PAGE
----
"We lost battles from start to finish," said Bruins coach Claude Julien, whose team dropped its first game at home in the playoffs. "They were the hungrier team tonight, and when that happens you get those results."

The reality is that this series was never as lopsided as the Bruins' three-games-to-none lead would lead you to believe. After Marc Savard's welcome-back OT winner in Game 1, team sage Mark Recchi said he expected it to be a close, hard-fought, long series. That's exactly what it has become. It shouldn't come as a surprise that heading into Game 6 the Bruins and Flyers have each scored 16 goals a piece in the series.

The Bruins' win in Game 3 has proven to be costly because it cost them David Krejci, who was in the press box last night with a cast and a sling on his right arm because of the dislocated right wrist he suffered in the first period of that game.

Krejci's injury coupled with the return of Simon Gagne (if you're going to draw the parallel between the Flyers and the 2004 Red Sox, then Gagne is playing the Curt Schilling role of hobbled hero) from a broken toe has altered the offensive advantage in the series.

The Eastern European-descent line of Krejci, Milan Lucic and Miroslav Satan was the best for either team in the series, and was the Bruins' best line in the playoffs.

But the Bruins are used to playing without their big guns -- Savard, Lucic, Krejci and Patrice Bergeron, who missed eight games with a broken thumb, were all injury scratches at some point this season. It's just more adversity for a team that appears to be fueled by it.

"We've responded to adversity well throughout the whole year," said Recchi. "I didn't see [last night coming], but like I said this team has been through a lot together, and this is just another thing. Now, we got to go up there, and we got to win Game 6."

The word that Recchi used a half-dozen times as he held court in front of his Bruins cubby was desperate.

The Bruins' need to create desperation often leaves their fans feeling exasperation.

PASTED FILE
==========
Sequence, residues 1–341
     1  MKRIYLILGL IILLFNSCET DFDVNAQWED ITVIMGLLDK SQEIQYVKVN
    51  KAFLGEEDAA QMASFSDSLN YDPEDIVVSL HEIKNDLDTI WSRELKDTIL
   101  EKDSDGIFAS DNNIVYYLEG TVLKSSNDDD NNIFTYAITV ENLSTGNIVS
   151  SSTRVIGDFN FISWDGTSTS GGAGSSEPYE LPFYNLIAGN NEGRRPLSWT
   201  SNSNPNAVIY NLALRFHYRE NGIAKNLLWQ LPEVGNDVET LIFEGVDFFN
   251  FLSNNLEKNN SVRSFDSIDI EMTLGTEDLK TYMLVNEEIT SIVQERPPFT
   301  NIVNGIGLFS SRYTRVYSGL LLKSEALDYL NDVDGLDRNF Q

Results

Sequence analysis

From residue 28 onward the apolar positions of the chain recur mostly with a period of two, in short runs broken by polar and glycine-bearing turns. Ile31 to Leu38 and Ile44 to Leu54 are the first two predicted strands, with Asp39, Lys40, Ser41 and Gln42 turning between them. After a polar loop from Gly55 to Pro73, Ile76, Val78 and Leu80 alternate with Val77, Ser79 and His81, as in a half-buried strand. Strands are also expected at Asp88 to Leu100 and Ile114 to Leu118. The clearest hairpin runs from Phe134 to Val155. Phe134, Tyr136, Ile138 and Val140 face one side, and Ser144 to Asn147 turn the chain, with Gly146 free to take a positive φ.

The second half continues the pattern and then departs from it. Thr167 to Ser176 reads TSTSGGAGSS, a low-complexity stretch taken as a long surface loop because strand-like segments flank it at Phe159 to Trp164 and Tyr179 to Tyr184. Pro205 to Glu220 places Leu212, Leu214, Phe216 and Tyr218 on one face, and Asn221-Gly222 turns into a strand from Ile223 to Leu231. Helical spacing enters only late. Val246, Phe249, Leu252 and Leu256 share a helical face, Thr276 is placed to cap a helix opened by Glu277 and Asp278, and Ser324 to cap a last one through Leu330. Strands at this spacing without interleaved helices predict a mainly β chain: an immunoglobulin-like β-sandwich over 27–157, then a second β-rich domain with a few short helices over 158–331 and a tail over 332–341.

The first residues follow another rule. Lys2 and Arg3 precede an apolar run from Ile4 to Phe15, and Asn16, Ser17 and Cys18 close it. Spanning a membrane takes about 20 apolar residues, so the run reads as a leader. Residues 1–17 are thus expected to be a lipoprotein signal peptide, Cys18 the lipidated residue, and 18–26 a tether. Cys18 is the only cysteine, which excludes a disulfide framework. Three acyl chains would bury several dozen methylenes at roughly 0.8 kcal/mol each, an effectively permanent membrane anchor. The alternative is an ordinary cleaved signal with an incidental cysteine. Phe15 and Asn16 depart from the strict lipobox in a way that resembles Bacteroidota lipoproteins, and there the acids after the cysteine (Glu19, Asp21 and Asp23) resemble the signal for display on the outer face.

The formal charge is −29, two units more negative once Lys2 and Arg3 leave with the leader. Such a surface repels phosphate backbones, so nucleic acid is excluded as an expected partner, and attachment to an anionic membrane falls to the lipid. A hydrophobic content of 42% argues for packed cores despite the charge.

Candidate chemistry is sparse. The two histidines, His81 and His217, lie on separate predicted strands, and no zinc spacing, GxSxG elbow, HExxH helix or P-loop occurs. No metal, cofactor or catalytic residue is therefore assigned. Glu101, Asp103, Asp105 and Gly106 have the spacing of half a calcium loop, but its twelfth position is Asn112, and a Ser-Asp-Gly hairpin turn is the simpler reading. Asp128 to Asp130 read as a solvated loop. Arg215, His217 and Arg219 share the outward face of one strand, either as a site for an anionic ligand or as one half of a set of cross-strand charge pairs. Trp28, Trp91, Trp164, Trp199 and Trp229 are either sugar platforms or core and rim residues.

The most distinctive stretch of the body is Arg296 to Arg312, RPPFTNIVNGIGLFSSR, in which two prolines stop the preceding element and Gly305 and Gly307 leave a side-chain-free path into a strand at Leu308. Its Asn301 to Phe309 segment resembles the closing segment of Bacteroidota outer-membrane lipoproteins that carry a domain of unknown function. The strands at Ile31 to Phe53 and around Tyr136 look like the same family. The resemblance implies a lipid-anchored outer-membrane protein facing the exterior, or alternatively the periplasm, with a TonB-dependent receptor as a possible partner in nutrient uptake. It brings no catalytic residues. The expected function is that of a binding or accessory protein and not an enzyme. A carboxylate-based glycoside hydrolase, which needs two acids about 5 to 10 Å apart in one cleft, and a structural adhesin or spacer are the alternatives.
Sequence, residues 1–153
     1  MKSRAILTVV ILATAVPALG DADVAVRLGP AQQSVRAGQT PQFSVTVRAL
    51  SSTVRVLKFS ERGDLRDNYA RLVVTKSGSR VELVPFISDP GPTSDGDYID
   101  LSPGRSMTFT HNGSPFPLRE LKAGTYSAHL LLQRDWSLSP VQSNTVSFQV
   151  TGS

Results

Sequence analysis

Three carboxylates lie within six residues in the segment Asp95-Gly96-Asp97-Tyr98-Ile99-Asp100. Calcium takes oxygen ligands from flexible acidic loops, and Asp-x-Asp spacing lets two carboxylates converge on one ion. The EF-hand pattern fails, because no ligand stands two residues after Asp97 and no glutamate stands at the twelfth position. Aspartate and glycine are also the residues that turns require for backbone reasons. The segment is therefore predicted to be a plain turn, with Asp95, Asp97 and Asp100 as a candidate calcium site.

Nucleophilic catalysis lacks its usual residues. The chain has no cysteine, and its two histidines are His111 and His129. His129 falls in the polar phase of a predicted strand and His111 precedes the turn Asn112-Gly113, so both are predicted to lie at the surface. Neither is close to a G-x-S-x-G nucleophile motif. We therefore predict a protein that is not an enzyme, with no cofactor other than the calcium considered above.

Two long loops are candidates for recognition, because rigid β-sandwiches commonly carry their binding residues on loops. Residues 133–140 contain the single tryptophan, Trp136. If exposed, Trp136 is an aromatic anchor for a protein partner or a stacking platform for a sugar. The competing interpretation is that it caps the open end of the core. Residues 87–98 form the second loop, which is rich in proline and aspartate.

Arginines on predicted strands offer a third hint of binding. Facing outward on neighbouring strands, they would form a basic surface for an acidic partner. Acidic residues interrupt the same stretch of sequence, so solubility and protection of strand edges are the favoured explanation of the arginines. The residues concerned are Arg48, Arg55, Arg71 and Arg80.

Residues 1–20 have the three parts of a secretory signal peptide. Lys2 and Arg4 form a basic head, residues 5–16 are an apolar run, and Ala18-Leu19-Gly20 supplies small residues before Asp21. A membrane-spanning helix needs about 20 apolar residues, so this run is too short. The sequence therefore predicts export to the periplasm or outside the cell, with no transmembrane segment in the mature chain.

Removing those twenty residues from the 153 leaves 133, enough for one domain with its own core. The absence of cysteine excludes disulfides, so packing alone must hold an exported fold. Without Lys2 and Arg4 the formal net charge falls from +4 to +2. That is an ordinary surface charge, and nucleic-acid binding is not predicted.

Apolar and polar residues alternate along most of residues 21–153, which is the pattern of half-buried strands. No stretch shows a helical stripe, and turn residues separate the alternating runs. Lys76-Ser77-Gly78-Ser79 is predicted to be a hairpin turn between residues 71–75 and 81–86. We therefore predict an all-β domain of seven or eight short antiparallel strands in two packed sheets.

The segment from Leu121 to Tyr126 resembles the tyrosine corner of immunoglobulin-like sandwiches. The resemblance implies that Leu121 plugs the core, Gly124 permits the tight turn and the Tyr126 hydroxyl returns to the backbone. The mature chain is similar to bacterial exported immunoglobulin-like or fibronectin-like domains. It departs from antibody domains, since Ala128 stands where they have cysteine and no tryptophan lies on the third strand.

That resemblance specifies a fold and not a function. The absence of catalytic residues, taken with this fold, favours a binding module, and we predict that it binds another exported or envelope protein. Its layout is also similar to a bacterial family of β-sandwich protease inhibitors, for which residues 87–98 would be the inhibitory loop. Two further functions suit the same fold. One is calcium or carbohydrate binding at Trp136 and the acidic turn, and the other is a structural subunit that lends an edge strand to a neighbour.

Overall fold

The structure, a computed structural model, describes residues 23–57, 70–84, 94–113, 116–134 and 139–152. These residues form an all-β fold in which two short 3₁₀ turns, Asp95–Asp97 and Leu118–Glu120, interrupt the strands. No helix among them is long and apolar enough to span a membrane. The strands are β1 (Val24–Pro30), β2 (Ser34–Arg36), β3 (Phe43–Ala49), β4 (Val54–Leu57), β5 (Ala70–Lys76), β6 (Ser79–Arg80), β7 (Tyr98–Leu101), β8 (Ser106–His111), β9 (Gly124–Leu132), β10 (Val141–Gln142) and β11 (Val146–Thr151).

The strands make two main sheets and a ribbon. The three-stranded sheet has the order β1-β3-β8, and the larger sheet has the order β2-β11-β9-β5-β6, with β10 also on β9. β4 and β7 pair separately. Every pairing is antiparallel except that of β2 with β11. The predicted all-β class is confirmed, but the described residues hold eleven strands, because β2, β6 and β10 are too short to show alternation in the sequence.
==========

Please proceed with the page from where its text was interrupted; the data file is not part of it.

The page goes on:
However, that adage that a wounded bear is a dangerous bear is especially true with the now playoff-grizzly Bruins.

So, don't be spooked, the Spoked-Bs have the Flyers right where they want them.

  • E-mail
  • E-mail this article

    Invalid E-mail address
    Invalid E-mail address

    Sending your article

    Your article has been sent.

The word

Christopher L. Gasper riffs on the news

Dearth

...That's what the Patriots have when it comes to picks in the 2013 NFL Draft, which starts Thursday. After all those years of stockpiling picks the way a survivalist does non-perishables the Patriots have just five picks in this year's draft, thanks to Band-aid trades for Albert Haynesworth, Chad Ochocinco and Aqib Talib. Five picks would be the fewest draft picks in franchise history. (Part of that is attributable to the trimming of the draft to just seven rounds in 1994). Further complicating matters is that two of the Patriots' greatest needs are at wide receiver and cornerback, positions where they have sustained draft droughts. With that in mind, I'm convinced the Patriots are going trade back out of the first round of a quanity-over-quality draft where you're just as likely to pick a Pro Bowl player in the second and third round as you are in the first round.

Comments »

Christopher L. Gasper video

Chris Gasper on Twitter

    waiting for twitterWaiting for twitter.com to feed in the latest...
archives

More columnists